OK, it's official. I'm totally sick and tired of baseball's steroid/HGH/tutti-frutti issues. To tell you the truth, I no longer care if these guys are injecting themselves with maple syrup behind trees in George Mitchell's Vermont orchard.
Go ahead. Take it to the edge, fellas, where anything goes. Other than testimony - I-said, he-said - I have yet to see one smidgen of real evidence, except that Roger Clemens' wife looked a bit more buff than she should have in that SI swimsuit issue (I guess).
Should I really care? Why should I? Why should you? Baseball simply pretends that it cares, cares about its precious records being destroyed by make-believe pharmacists, scared to death by Washington pols lurking like vultures to pick on an athlete's carcass to get a vote.
Baseball is a cockroach. It's never going away. No matter how stupid the game gets and how ridiculous the players behave, the fans come back. If they came back after Bud Selig killed the World Series, they will come back after a stupid Capitol Hill hearing that could have been run by SpongeBob SquarePants (and, come to think of it, committee Chairman Henry Waxman, the toughest questioner since Perry Mason, reminds me of S.S.).
I'm tired of a lack of proof. I'm tired of grandstanding politicians getting face time for nearly five hours, asking the "tough" questions and getting weak answers. Why should we believe any of these people, including the inquisitors?
Watching Wednesday's congressional interrogation of Roger Clemens and his supposed syringe caddie, Brian McNamee, I was, as I usually am, reminded of the scene in "Godfather II." I was waiting for Frankie Pentangeli's brother to come from Sicily to shut him up without saying a word.
He would have been welcome relief.
Really, if any of these guys on The Hill think they're Estes Kefauver taking on the mob, they're going to have similar results. Forgive me, Estes. I'm wrong. Organized crime went away.
I thought Wednesday's show, what I saw of it (and I saw enough), was sickening. I no longer need my time taken up by anything sickening. We do not need this.
We're in an election year. Thousands of Americans have been killed in Iraq (Lord knows how many Iraqis). The economy is on life support. Foreclosures are real estate's blue plate special.
And we're taking up public time and money on Roger Clemens and Brian McNamee? Arlen Specter is firing away at Roger Goodell? There has to be a way to get our priorities in order.
As it is, the Mitchell Report on steroids in baseball has ruined Clemens' name. Did he juice? Hell, I imagine. But, hell, I don't know. I wasn't in that toilet stall with Clemens and Andy Pettitte.
Am I supposed to believe McNamee, a trainer basically called a drug-dealing ex-cop in Wednesday's hearing, or Clemens' good friend/canary, Pettitte, who is blowing more whistles than an NBA ref on crack cocaine?
Am I supposed to believe this guy McNamee kept used syringes in a beer can for seven years because he thought one day Clemens might need to be outed? Johnnie Cochran would do backflips.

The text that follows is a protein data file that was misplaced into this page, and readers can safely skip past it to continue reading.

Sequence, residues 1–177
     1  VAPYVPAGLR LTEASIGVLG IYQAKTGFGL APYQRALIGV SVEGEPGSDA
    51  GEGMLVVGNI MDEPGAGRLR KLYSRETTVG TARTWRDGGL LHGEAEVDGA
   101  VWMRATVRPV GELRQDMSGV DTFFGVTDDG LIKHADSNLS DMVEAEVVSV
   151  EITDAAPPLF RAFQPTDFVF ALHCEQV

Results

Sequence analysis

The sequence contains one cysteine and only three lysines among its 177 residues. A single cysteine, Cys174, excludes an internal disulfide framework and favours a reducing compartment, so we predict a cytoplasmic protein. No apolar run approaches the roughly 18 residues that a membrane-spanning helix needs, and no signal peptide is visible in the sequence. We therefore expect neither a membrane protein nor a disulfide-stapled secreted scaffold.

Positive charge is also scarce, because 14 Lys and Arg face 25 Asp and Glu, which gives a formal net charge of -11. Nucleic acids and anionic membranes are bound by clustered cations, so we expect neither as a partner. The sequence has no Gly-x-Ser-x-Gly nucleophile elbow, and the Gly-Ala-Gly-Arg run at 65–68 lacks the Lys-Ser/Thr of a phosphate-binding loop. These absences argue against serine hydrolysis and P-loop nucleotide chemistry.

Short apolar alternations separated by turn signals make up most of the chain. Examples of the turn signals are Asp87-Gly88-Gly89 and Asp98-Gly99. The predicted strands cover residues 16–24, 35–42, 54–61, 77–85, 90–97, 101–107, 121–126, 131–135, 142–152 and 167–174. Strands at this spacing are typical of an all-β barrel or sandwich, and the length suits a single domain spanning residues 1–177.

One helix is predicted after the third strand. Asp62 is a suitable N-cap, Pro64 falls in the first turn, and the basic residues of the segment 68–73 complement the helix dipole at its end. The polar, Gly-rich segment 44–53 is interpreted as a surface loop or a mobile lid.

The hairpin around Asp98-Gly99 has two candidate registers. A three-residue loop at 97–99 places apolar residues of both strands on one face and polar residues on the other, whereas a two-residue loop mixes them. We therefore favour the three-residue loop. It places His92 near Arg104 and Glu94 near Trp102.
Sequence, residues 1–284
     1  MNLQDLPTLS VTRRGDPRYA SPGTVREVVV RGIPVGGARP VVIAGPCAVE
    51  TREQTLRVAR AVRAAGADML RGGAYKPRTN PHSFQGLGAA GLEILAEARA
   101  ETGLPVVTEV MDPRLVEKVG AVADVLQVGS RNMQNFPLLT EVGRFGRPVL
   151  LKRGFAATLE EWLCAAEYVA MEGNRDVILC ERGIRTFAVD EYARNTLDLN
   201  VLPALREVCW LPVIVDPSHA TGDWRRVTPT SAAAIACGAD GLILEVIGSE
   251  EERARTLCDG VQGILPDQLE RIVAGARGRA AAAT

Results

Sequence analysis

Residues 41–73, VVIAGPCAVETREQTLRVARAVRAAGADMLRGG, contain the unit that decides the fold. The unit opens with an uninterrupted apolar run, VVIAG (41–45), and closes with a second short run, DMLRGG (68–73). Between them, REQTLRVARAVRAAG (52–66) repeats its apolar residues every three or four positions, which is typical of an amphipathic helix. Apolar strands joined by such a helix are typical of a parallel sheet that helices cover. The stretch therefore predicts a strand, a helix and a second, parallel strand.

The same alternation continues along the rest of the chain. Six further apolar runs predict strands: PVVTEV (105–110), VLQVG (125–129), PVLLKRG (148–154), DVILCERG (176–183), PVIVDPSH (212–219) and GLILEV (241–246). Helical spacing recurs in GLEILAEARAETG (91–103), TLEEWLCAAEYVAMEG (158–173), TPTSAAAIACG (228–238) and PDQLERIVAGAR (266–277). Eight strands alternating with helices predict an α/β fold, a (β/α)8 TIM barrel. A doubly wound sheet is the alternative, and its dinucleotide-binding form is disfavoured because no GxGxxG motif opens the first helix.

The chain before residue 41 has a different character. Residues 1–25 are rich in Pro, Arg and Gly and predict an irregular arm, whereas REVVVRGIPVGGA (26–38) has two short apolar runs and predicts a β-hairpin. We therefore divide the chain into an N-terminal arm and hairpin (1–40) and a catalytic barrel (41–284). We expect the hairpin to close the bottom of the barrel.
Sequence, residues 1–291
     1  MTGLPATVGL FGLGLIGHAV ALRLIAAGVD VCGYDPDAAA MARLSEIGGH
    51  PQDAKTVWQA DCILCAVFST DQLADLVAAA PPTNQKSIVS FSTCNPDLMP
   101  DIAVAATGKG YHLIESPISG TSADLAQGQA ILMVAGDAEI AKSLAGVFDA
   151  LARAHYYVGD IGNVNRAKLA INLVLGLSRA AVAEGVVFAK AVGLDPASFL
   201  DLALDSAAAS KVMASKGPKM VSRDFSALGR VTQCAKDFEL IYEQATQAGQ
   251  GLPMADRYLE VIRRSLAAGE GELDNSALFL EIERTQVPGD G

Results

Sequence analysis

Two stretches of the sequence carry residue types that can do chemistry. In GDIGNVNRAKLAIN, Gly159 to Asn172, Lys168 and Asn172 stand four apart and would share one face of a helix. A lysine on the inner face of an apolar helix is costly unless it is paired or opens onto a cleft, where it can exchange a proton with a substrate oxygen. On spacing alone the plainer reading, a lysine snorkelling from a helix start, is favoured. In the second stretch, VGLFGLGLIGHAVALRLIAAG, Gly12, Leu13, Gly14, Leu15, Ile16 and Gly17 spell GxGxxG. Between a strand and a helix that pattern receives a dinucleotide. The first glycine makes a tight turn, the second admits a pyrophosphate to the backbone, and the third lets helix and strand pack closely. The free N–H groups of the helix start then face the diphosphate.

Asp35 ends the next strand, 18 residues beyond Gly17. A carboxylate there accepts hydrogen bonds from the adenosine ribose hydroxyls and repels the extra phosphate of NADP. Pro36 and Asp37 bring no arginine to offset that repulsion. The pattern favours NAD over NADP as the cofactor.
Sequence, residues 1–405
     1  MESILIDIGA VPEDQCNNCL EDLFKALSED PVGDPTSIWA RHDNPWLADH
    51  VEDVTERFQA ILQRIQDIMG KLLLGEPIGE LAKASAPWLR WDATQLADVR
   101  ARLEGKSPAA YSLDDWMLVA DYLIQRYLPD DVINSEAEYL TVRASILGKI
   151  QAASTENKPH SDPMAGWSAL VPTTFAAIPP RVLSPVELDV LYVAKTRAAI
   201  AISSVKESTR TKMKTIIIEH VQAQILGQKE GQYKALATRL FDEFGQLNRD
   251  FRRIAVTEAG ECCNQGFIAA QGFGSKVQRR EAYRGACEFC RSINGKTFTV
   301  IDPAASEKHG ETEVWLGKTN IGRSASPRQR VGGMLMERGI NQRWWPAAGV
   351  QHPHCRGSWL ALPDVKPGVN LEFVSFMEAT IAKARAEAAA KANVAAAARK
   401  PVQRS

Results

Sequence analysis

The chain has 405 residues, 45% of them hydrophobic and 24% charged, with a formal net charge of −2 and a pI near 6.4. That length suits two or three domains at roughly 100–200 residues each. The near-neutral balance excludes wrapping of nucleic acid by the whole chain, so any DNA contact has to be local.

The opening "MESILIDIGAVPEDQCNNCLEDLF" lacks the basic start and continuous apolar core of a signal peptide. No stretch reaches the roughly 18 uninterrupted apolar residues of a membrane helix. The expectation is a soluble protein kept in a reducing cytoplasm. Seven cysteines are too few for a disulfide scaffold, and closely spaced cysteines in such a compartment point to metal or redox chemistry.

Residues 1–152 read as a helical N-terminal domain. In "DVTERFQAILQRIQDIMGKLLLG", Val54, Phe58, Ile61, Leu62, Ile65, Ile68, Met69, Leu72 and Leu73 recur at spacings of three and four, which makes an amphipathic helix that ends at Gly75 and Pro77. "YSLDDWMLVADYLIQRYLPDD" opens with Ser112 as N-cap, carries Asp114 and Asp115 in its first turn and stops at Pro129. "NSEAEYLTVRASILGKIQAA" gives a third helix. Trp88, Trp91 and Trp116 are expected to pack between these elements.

Sure, I'm stupid. I know that. But, if you're on a jury and they don't present any hard evidence, how are you going to vote? McNamee was a very bad witness. In fact, he absolutely stunk. He looked heavily constipated and couldn't sit up straight.
And Clemens, other than defending himself, wasn't much better, except he had good posture. Roger had a lot of trouble giving lucid answers, but I'm sure he signed a lot of autographs in the hallway for congressional pages.
All we came away with is that Clemens didn't do anything wrong and that McNamee, like Mongo, was a "pawn in game of life."
As I rule, I try to delve into the believable. That's what I'm paid to do. I went to journalism school. But how do we get ourselves a sieve-full of lies and a little truth and try to determine what to put in the batter?
We can't. Because we don't know. And we're in an era when we think we know everything. But we don't. And we're never going to know. There's no proof, because baseball didn't want proof when it really mattered.
The worst was at the end, when Waxman yelled at Clemens for interrupting him. "That doesn't mean he was not mistaken," Clemens said of McNamee. Waxman: "This is not your time to argue with me!"
So Clemens may have lied and McNamee may have lied. But the ugliest part of this ceremony was delivered by Waxman, who has been sworn to uphold the supposed laws of this country. Hey, Henry, this was not the Scopes Trial.
How many Cy Youngs has Waxman won? It was an embarrassing moment. Tell you what, Waxman could run unopposed and I wouldn't vote for him if he were a relative. He came off as a jackass, and some of his contemporaries didn't come off much better.
They're not going to get Roger Clemens. No chance. But they got him. They got his reputation.
This, as far as I'm concerned, is America at its worst. We're not in Salem anymore.
Where's Joe McCarthy when we really need him?